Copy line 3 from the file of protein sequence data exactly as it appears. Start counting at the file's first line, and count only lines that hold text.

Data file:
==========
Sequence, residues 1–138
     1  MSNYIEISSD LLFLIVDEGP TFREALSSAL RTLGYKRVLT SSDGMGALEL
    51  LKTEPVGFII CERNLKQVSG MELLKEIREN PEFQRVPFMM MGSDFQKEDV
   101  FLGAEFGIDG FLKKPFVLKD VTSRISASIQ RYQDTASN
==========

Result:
    51  LKTEPVGFII CERNLKQVSG MELLKEIREN PEFQRVPFMM MGSDFQKEDV